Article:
Tag Archives: Video

Channels, Virtual Teams and a Carnegie Hall Concert

A couple of weeks ago I wrote about the YouTube Symphony Orchestra as a huge virtual team. The reason was because sales channels are also huge virtual teams.  They may not work collaboratively as lateral peers as you find in an orchestra, but there is a strong need for them to work effectively as a vertical chain. Companies heavily rely on web conferencing, email, IM and support forums to communicate up and down that vertical line to serve an end customer. Business flows best when there is a high degree of trust along those lines, so if trust can be built virtually, at distance more quickly, companies with complex channels should take note. Now that the YouTube Symphony “summit” is over, on reflection it revealed at least one tool that is not being used widely that could build trust in a channel, in fact in any virtual team, very quickly.

With only three days to prepare for this orchestra’s one and only live concert at Carnegie Hall on April 15th, YouTube and the conductor, Michael Tilson Thomas (MTT), needed to use unconventional tools (for musicians) beforehand to create team work. The competition was open to the world and winners stemmed from 30 countries. We had never met before, let alone worked together. From the UK, there was only a young timpani player at the Royal College of Music, and me, on horn. First, YouTube and MTT needed to communicate with this group of 96 en masse, and allow them to communicate with each other, so a Google mail group was used. Also a secure Google site was used as a document library. That included the parts for each player – a first for classical music since publishers have in the past prohibited this for copyright reasons. In hind sight, a discussion forum should have been added since the email clutter grew as the event approached.

None of those tools are new to you. What created the pre-event bonding was very new to most people. YouTube being YouTube relied heavily on video. One of the firsts was the use of 24 tutorials made by the London Symphony Orchestra for people wishing to enter the contest. For the winners, MTT made specific videos and had one of the world’s top bassoon players give a video master class on one of the pieces we were to play. As opposed to formal whitepapers or manuals, videos can be put together quickly by an expert and hosted easily by YouTube. They convey more information, hold a viewer’s attention and importantly, they show a real human being. I am reminded of the old sales adage that “People buy from people.” Having another human being explain an issue or technique is a much more satisfying way to enable a channel than any text based tool. Armed with the parts and some video guidance, YTSO participants arrived in New York prepared to play their part.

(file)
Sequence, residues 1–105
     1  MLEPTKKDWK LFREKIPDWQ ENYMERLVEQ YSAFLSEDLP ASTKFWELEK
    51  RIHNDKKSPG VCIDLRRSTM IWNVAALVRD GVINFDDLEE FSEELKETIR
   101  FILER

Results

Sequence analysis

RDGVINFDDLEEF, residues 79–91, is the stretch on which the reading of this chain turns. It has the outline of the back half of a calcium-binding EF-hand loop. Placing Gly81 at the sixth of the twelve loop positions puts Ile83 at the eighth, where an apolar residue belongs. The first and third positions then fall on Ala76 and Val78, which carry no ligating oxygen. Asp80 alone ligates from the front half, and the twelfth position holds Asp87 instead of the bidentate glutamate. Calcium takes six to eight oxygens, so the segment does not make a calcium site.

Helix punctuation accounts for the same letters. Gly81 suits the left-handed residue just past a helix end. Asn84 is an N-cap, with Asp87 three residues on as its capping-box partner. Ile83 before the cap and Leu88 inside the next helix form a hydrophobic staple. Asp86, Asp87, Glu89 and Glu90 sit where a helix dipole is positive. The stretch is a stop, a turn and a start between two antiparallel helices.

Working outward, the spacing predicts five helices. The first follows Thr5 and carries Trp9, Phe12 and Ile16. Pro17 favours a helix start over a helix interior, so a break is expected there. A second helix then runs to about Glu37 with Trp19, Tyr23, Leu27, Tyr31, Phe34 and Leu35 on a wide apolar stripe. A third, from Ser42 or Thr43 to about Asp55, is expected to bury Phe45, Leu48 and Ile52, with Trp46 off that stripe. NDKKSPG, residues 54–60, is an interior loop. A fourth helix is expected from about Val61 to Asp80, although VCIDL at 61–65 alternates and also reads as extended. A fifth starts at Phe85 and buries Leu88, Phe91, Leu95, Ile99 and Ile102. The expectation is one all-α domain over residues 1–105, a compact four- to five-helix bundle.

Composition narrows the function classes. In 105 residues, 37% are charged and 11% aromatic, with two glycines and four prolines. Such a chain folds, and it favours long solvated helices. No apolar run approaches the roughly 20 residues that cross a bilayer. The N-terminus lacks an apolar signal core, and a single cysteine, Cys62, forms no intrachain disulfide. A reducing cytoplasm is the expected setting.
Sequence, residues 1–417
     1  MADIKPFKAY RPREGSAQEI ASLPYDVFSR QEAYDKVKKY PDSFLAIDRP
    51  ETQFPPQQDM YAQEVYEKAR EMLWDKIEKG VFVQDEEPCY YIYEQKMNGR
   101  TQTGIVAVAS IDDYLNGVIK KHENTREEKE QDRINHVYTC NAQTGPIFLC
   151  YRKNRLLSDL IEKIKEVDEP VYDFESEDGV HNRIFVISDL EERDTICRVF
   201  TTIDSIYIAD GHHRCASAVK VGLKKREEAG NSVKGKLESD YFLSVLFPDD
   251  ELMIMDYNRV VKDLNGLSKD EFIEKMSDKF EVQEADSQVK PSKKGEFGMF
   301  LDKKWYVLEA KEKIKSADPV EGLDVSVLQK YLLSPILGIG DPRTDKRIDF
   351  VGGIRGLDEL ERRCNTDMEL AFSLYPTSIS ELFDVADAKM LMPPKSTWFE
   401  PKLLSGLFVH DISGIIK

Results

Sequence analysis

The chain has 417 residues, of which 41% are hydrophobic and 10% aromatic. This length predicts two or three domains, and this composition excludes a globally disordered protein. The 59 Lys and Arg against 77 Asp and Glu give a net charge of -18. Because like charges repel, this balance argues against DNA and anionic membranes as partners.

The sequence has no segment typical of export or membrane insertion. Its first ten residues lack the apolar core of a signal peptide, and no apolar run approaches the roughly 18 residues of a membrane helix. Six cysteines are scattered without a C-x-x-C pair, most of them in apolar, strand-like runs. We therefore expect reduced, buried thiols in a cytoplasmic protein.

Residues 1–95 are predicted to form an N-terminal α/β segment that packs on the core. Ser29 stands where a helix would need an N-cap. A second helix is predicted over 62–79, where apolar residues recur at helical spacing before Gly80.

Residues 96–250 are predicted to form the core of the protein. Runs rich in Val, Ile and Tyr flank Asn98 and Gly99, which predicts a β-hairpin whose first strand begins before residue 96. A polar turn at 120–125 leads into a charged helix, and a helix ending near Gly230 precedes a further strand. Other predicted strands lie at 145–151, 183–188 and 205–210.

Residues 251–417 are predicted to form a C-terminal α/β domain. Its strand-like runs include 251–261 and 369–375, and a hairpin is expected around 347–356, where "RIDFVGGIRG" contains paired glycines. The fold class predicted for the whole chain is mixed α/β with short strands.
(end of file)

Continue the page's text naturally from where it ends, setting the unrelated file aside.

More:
Being an orchestra, ensemble is everything. People have to be willing to listen and have to want to go with the flow. We could not have any prima donnas. We had to bond quickly. The other significant first was the use of introductory videos, and it was used on a larger scale than in any virtual team I have ever encountered before. For many people, an avatar or picture of themselves in a directory is embarrassing enough. The YTSO members were each asked to upload a short video about themselves, telling people what it was like being part of the world’s first online collaborative orchestra and how they got there. It asked people to be creative and have fun. Those videos were not just available to YTSO members, they were open to the entire world.

Taking the creative and fun directive to the max, I dashed around the sights of London with my horn. By the time of the Carnegie performance my video had over 16,000 views. Naturally we wanted to know who would be with us in New York, so most of us viewed everyone else’s video. Some of them were outstanding examples of videography. It is a big leap from posting an audition video plying your craft, to uploading an autobiographical video, especially for musicians more comfortable expressing themselves through music. In the end, only half posted.  A dozen of us were also lucky to have extra videos posted about our involvement by a company making a documentary. Those that didn’t post one missed some of what happened when we finally met each other on Easter Sunday, April 12th in a New York hotel.

Never in my life have I met so many strangers whom I already knew. For years I have worked with some colleagues and never knew the level of personal details I now knew about these people. Waiting for the hotel elevator, for the first time in 3D I spotted Titus, our Romanian concert master who loves Volkswagen Beetles. He pointed at me, I pointed at him and we hugged.  One amusing effect for many us was that we are shorter in real life than we appear on camera. Being a reserved chap, with other musicians our first encounter was usually a warm handshake, but the feeling that we were an orchestra, a team, and not just a random gaggle, was overwhelming. This was a powerful lesson for me and for anyone seeking to motivate a virtual team.   Business lessons can come from any walk of life.  Encourage video!

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